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The supply base may well stretch far and wide across the globe, but personal, face-to-face interactions between procurement and suppliers – where possible – are integral to supplier relationship management (SRM). Hosting supplier days are increasingly part of the function’s SRM strategy but how can these be conducted successfully?
Let’s look at a real-life example: based on lessons from the success of global beauty company Coty’s first Partner Day, here are three top tips to getting it right on the day.
A common pitfall procurement often falls down is simply assuming it should invite suppliers with the highest level of spend. But high value suppliers and strategic suppliers aren’t always the same thing.
As Coty procurement analyst Jessica Bennett explains, to identify the strategic suppliers, it was important to work with the different global category leaders to determine which organisations are crucial to the business’s strategy, irrespective of spend.
Once the right supplier organisations have been selected, it is then important to choose the right individuals from the supplier organisations. Sending an open invitation to the organisation could be risky, and individuals not relevant to the day’s purpose or the business’s strategy may turn up on the day.
At Coty, the decision was made that two representatives from the supplier should attend: the CEO and an operational member of staff. The reason this worked well was that the CEO is the key decision maker and so is essential when it comes to the strategic partnership with the business, while the operational staff has the in-depth understanding of the inner workings of the organisation and so is essential to the technical side of the relationship. Here, the important lesson is that, while the executive board is important, seniority should not always be the deciding factor.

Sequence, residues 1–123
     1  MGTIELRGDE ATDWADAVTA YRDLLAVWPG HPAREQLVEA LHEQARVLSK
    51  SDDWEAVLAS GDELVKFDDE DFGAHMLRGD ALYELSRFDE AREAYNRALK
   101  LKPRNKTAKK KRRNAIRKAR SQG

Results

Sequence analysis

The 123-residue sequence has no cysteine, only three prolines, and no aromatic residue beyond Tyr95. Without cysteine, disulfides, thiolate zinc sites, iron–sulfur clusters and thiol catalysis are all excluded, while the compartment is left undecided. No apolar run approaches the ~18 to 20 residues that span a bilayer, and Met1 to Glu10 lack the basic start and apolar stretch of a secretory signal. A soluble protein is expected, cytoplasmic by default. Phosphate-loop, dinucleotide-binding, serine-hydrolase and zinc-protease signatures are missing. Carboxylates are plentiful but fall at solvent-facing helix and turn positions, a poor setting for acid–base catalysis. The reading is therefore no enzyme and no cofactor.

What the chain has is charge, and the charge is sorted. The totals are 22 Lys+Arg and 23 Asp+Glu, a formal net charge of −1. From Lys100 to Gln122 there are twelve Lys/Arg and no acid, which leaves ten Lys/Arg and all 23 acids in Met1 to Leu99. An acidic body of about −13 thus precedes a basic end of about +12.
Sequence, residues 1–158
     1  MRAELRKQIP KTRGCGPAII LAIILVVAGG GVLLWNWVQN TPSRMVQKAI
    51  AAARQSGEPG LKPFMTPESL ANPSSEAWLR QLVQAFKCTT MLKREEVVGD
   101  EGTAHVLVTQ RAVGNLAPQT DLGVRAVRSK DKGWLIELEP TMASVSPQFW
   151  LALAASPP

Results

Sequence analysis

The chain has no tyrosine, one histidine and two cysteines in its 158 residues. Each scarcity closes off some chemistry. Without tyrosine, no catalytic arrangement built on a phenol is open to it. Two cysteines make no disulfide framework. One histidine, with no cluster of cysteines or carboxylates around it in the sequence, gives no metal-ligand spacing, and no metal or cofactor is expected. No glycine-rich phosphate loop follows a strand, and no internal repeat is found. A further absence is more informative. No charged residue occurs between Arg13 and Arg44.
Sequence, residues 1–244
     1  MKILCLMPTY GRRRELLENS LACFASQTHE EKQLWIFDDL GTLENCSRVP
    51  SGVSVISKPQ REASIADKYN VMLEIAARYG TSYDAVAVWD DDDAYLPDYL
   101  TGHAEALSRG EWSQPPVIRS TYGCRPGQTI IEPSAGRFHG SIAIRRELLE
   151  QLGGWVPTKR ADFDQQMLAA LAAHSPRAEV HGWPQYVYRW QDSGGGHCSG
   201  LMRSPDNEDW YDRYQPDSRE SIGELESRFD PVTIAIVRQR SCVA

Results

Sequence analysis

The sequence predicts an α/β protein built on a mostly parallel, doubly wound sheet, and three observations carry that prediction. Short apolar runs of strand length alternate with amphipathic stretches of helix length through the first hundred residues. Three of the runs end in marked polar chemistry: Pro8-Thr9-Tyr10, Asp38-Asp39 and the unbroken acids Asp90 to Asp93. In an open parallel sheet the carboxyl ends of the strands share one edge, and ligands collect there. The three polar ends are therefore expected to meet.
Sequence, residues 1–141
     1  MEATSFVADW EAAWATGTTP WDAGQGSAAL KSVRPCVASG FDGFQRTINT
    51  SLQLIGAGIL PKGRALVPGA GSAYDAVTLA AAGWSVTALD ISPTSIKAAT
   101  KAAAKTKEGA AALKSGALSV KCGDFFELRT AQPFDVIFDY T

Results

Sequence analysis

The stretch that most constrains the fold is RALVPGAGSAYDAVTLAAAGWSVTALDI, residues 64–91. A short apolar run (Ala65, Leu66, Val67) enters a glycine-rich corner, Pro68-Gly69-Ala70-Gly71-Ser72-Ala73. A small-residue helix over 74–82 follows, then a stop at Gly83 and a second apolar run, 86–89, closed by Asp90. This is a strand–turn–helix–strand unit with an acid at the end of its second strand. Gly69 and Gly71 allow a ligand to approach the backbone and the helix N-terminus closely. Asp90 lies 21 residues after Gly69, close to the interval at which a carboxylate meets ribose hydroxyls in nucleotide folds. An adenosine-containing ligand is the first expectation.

The purpose of holding a supplier day can be any number of things – to draw innovation from the supply base, to reconnect with disengaged suppliers, or to find new suppliers with which to do business.
Whatever the reason, the message must be clear and consistent throughout the event and all internal attendees must be aligned with this message prior to the event.
For beauty giant Coty, the purpose of the supplier day was to ensure engagement and share its new culture and strategy with key suppliers after the business acquired the Procter & Gamble (P&G) Specialty Beauty Division. To get all internal attendees speaking from the same page, Coty’s procurement director Jean-David Hassan ran a benchmarking exercise meeting Coty employees of many functions and regions and aligning them around a common strategy.
Tempting as it can be to keep a supplier event exclusive to procurement, the function should resist the urge to keep suppliers all to themselves and instead invite other parts of the business. After all, marketing, R&D, finance and sales all play a part in supplier relationships and the business’s sourcing strategy.
At Coty’s Partner Day, plenary sessions were presented by the CEO, the CFO, the global chief supply chain officer, the chief scientific officer, as well as the CPO. Directly connecting different parts of the business with strategic suppliers creates both an internal synergy between procurement and other functions and also makes suppliers feel valued, showing them that they are true partners to the business.
The important thing to remember here is that a supplier event ultimately falls into procurement’s capable hands and so any cross-functional attendees need to be willing to speak the same language as procurement on the day.
While what works for one organisation can be somewhat different to what works for another, by following these simple steps, procurement can be on its way to winning over difficult suppliers and cementing relationships with others.
Procurement Leaders members can access a full case study (and many more besides) on www.procurementleaders.com.
This article is a piece of independent writing by a member of Procurement Leaders’ content team.
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